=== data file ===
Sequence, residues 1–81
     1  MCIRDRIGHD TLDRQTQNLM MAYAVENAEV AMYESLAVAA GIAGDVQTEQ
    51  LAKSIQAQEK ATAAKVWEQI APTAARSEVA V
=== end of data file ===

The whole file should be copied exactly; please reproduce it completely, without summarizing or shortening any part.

Sequence, residues 1–81
     1  MCIRDRIGHD TLDRQTQNLM MAYAVENAEV AMYESLAVAA GIAGDVQTEQ
    51  LAKSIQAQEK ATAAKVWEQI APTAARSEVA V